(It's about time! Psalm 122:6 Mid)
The ministerial committee for legislation approved a bill that will grant special benefits to the capital, including incentives for construction in western, eastern and northern Jerusalem.
The committee’s approval means the bill will have official government support when it comes up for its Knesset votes. Some 45 MKs are signed on the proposal, which should have no trouble passing in the Knesset.
The bill calls for an annual government grant to Jerusalem, as well as an upgrade of its status for the encouragement of investments in education, housing, and employment. Jerusalem will now enjoy the highest-priority classification in the country, with the goal of stopping the recent exodus of young couples – and strengthening the city’s Israeli status.
The upgrade in Jerusalem's city status was initiated by MK Uri Ariel (National Union), who said, “The true message given by the passage of this bill is the government’s change of direction regarding Jerusalem, and a signal that construction in the city will soon be unfrozen.”
The bill, which is a set of changes and emendations to the existing Jerusalem Law, specifically encourages the construction of “affordable housing complexes,” to be accomplished by simplifying the planning and approval processes. Many of the city’s reserves for future housing lie in neighborhoods such as Pisgat Ze’ev, Gilo, Ramot, N’vei Yaakov and Har Homa – which were liberated in the Six Day War in 1967 – and therefore some international condemnation of the bill is expected.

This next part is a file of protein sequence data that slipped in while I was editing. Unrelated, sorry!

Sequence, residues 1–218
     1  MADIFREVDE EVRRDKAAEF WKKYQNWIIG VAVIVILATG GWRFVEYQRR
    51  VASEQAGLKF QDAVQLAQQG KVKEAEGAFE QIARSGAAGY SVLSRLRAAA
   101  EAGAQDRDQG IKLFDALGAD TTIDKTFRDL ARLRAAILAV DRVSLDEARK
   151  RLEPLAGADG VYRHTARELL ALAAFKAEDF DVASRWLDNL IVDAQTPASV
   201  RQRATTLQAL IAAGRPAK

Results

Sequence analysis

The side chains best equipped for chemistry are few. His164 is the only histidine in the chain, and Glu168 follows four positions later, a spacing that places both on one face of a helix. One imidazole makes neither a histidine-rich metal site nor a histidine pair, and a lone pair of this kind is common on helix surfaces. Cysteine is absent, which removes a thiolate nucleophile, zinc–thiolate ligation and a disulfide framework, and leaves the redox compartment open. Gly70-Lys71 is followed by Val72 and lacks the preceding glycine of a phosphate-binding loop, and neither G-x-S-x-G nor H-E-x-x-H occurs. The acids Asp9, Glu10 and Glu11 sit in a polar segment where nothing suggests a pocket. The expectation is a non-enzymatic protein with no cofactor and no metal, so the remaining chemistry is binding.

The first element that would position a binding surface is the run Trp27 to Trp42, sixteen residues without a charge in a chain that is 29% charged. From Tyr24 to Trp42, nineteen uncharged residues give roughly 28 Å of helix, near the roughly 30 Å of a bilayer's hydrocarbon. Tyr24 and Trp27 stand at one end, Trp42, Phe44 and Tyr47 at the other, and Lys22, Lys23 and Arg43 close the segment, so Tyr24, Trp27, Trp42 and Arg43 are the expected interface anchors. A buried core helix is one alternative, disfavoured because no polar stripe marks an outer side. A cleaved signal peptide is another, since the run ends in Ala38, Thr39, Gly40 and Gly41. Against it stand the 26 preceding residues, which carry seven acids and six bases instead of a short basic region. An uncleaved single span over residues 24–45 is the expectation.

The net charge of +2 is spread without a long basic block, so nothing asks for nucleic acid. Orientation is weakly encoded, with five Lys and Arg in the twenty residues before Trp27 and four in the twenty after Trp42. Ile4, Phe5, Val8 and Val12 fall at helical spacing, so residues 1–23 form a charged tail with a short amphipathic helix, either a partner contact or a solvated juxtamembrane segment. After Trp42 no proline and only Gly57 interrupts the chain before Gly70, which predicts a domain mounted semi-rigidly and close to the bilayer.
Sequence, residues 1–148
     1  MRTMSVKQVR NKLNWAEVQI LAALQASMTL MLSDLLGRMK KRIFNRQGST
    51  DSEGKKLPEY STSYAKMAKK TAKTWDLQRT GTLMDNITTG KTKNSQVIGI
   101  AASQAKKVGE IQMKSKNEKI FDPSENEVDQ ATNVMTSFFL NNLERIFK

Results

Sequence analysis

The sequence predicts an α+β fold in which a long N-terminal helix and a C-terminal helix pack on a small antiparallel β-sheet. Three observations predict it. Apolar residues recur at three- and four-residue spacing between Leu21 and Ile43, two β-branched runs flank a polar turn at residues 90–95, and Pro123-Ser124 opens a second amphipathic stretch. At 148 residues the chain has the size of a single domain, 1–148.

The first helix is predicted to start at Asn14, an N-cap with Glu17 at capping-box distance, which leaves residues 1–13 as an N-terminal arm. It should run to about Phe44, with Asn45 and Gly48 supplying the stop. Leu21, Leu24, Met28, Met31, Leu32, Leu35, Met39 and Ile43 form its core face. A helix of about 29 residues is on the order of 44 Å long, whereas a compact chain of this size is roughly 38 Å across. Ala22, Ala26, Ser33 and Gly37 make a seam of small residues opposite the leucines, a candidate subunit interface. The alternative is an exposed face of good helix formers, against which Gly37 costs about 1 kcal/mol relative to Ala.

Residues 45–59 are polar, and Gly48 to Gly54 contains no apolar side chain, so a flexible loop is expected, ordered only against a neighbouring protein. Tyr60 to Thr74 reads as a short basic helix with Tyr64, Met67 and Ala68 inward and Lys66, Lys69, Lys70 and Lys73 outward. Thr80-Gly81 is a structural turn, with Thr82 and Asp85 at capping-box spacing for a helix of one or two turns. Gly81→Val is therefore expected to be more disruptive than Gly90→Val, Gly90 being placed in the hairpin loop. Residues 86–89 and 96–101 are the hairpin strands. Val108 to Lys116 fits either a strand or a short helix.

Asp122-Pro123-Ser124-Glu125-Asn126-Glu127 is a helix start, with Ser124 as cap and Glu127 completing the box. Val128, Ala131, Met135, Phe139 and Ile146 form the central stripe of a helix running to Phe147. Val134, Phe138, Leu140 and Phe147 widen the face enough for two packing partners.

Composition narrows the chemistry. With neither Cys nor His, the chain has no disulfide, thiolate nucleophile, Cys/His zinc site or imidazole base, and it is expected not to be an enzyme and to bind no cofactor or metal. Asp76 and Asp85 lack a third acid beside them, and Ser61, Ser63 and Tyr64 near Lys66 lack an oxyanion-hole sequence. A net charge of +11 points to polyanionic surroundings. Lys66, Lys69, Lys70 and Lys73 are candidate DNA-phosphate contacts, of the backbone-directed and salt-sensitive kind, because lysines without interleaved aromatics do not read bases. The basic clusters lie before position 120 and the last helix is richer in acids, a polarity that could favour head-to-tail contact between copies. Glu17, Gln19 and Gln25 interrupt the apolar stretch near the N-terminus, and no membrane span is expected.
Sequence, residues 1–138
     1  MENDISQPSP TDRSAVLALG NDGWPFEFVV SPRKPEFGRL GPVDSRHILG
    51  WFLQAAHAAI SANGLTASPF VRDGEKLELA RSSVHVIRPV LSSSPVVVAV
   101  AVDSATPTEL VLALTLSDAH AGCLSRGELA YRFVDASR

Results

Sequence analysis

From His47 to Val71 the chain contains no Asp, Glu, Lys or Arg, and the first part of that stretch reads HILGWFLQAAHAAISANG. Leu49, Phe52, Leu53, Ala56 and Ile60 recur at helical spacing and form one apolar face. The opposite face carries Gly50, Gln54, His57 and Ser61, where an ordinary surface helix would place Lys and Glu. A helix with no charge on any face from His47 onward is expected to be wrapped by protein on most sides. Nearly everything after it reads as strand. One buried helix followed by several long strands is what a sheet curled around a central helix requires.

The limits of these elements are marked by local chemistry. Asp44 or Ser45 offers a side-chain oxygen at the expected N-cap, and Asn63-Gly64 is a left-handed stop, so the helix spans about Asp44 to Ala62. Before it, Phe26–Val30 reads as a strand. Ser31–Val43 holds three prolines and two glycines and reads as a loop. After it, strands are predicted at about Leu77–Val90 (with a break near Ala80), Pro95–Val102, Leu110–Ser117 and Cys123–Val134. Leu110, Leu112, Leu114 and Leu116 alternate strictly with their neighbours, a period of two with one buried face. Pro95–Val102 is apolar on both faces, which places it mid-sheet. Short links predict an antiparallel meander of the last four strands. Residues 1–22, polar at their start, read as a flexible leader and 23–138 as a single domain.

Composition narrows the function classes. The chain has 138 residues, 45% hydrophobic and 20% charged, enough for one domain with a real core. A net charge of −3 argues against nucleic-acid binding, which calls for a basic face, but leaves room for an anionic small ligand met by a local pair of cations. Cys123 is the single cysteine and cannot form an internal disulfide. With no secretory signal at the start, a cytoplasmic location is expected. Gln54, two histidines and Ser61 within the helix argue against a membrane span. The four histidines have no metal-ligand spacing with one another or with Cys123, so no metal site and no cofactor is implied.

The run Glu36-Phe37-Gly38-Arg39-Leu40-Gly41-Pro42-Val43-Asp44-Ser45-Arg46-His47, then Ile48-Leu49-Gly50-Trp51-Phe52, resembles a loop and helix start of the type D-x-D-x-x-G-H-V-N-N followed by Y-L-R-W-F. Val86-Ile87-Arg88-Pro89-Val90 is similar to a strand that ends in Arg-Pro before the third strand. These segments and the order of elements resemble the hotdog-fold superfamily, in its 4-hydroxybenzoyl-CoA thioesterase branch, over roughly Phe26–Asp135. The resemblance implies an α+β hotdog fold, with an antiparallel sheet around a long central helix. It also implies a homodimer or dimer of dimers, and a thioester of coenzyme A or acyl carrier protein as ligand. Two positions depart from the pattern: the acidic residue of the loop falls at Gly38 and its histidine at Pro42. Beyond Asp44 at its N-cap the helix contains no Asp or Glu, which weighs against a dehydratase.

Jerusalem, Complete and United
Though visitors to the city can detect no difference between the built-up neighborhoods that were always part of Jerusalem and those that joined 43 years ago, many in the international community still regard the latter as “settlements.” However, Israel’s "Basic Law: Jerusalem, Capital of Israel,” passed in 1980, begins with these words: ”Jerusalem, complete and united, is the capital of Israel.”
Mayor Nir Barkat, who worked hard for the bill’s passage, thanked the ministerial committee for legislation, and said, “The Knesset’s and government’s formal recognition of the need to strengthen Jerusalem is critical for the city’s future and continued growth. This decision will help Jerusalem to continue to be attractive to the young, to tourists, and to investors.”
“This is a first step towards returning Jerusalem to the map of Israel,” MK Ariel said, “in terms of young couples and small and medium businesses. It will encourage housing starts in the capital; until now the policy has been to freeze and neglect Jerusalem, and this will hopefully signal a turnaround and new construction in the capital.”
Communications Minister Moshe Kachlon of the Likud said, “Whoever among the Palestinians and the world expects the present Government of Israel to recognize foreign claims of sovereignty in our capital – is mistaken and misleading.”
Baruch atem b'Shem, Yeshua